finds the best parameters and uses them for training:

```
= AutoTuner$new(
at_grid learner = knn,
resampling = rsmp("cv", folds = 5), # we can NOT use fixed resampling here
measure = msr("classif.ce"),
terminator = trm("none"),
tuner = tnr("grid_search", resolution = 18),
search_space = search_space
)
```

The `AutoTuner`

behaves just like a regular `Learner`

. It can be used to combine the steps of hyperparameter tuning and model fitting but is especially useful for resampling and *fair* comparison of performance through benchmarking:

`= resample(task, at_grid, cv10, store_models = TRUE) rr `

We check the inner tuning results for stable hyperparameters. This means that the selected hyperparameters should not vary too much. We might observe unstable models in this example because the small data set and the low number of resampling iterations might introduce too much randomness. Usually, we aim for the selection of stable hyperparameters for all outer training sets.

`extract_inner_tuning_results(rr)`

```
iteration k distance classif.ce task_id learner_id resampling_id
1: 1 7 1 0.2588889 german_credit classif.kknn.tuned cv
2: 2 5 2 0.2377778 german_credit classif.kknn.tuned cv
3: 3 10 2 0.2500000 german_credit classif.kknn.tuned cv
4: 4 9 2 0.2488889 german_credit classif.kknn.tuned cv
5: 5 7 2 0.2477778 german_credit classif.kknn.tuned cv
6: 6 8 2 0.2411111 german_credit classif.kknn.tuned cv
7: 7 8 2 0.2688889 german_credit classif.kknn.tuned cv
8: 8 7 2 0.2477778 german_credit classif.kknn.tuned cv
9: 9 7 2 0.2655556 german_credit classif.kknn.tuned cv
10: 10 7 2 0.2455556 german_credit classif.kknn.tuned cv
```

Next, we want to compare the predictive performances estimated on the outer resampling to the inner resampling (`extract_inner_tuning_results(rr)`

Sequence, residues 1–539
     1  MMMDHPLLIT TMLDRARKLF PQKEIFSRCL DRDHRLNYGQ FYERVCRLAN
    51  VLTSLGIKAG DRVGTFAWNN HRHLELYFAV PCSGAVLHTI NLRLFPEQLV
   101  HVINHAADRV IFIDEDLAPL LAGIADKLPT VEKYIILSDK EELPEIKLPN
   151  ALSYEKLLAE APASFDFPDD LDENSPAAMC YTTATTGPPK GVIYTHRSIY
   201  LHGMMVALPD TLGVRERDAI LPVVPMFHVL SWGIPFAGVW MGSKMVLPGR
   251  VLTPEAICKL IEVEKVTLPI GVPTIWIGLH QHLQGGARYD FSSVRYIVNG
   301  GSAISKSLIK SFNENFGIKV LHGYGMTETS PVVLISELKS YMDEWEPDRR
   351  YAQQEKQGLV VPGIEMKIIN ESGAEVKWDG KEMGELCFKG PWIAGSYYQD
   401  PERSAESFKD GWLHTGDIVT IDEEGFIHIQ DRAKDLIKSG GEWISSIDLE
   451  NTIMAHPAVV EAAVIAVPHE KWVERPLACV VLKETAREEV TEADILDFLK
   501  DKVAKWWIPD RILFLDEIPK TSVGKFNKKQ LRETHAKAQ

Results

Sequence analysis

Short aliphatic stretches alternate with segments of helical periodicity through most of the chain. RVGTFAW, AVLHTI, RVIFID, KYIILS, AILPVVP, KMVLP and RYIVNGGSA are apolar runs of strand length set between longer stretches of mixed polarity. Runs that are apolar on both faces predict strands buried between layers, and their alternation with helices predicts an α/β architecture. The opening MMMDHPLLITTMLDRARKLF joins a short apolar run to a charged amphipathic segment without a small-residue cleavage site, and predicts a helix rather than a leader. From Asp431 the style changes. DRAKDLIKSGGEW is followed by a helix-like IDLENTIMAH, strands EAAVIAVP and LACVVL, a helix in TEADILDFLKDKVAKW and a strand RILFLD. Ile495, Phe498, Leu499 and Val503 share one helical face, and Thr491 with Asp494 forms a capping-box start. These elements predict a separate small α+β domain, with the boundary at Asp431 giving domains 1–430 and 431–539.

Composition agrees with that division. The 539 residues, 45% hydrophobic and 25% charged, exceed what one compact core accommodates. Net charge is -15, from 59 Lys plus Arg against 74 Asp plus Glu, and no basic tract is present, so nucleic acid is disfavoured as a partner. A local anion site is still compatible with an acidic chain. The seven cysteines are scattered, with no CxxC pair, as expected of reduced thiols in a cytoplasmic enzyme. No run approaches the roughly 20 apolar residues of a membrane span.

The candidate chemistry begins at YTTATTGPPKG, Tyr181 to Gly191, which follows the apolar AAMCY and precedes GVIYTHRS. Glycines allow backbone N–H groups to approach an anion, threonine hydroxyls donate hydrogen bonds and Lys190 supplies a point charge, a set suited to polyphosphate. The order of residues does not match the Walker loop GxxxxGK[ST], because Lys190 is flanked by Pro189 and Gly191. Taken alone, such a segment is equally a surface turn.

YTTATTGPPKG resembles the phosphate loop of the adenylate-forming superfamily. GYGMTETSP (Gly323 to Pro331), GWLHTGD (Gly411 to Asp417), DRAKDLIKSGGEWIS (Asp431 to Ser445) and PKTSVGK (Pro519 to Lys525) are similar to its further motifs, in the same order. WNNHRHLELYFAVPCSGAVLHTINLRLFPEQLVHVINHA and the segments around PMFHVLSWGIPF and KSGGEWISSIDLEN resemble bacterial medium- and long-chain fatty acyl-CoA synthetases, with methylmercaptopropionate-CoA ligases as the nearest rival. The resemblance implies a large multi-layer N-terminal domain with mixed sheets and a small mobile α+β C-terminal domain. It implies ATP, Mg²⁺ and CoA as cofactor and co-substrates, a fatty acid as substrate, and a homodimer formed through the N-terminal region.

). Significantly lower predictive performances on the outer resampling indicate that the models with the optimized hyperparameters overfit the data.

`$score() rr`

The archives of the `AutoTuner`

s allows us to inspect all evaluated hyperparameters configurations with the associated predictive performances.

`extract_inner_tuning_archives(rr)`

We aggregate the performances of all resampling iterations:

`$aggregate() rr`

```
classif.ce
0.255
```

Essentially, this is the performance of a “knn with optimal hyperparameters found by grid search”. Note that `at_grid`

is not changed since `resample()`

creates a clone for each resampling iteration.

The trained `AutoTuner`

objects can be accessed by using

`$learners[[1]] rr`

```
<AutoTuner:classif.kknn.tuned>
* Model: list
* Search Space:
<ParamSet>
id class lower upper nlevels default value
1: k ParamInt 3 20 18 <NoDefault[3]>
2: distance ParamInt 1 2 2 <NoDefault[3]>
* Packages: mlr3, mlr3tuning, mlr3learners, kknn
* Predict Type: prob
* Feature Types: logical, integer, numeric, factor, ordered
* Properties: multiclass, twoclass
```

`$learners[[1]]$tuning_result rr`

```
k distance learner_param_vals x_domain classif.ce
1: 7 1 <list[3]> <list[2]> 0.2588889
```

# Appendix

## Example: Tuning With A Larger Budget

It is always interesting to look at what could have been. The following dataset contains an optimization run result with 3600 evaluations – more than above by a factor of 100:

The scale effect is just as visible as before with fewer data:

```
ggplot(perfdata, aes(x = x_domain_k, y = classif.ce, color = scale)) +
geom_point(size = 2, alpha = 0.3)
```

Now, there seems to be a visible pattern by kernel as well:

```
ggplot(perfdata, aes(x = x_domain_k, y = classif.ce, color = kernel)) +
geom_point(size = 2, alpha = 0.3)
```

In fact, if we zoom in to `(5, 40)`

\(\times\) `(0.23, 0.28)`

and do decrease smoothing we see that different kernels have their optimum at different values of `k`

:

```
ggplot(perfdata, aes(x = x_domain_k, y = classif.ce, color = kernel,
group = interaction(kernel, scale))) +
geom_point(size = 2, alpha = 0.3) + geom_smooth() +
xlim(5, 40) + ylim(0.23, 0.28)
```

``geom_smooth()` using method = 'loess' and formula = 'y ~ x'`

What about the `distance`

parameter? If we select all results with `k`

between 10 and 20 and plot distance and kernel we see an approximate relationship:

```
ggplot(perfdata[x_domain_k > 10 & x_domain_k < 20 & scale == TRUE],
aes(x = distance, y = classif.ce, color = kernel)) +
geom_point(size = 2) + geom_smooth()
```

``geom_smooth()` using method = 'loess' and formula = 'y ~ x'`

In sum our observations are: The `scale`

parameter is very influential, and scaling is beneficial. The `distance`

type seems to be the least influential. There seems to be an interaction between ‘k’ and ‘kernel’.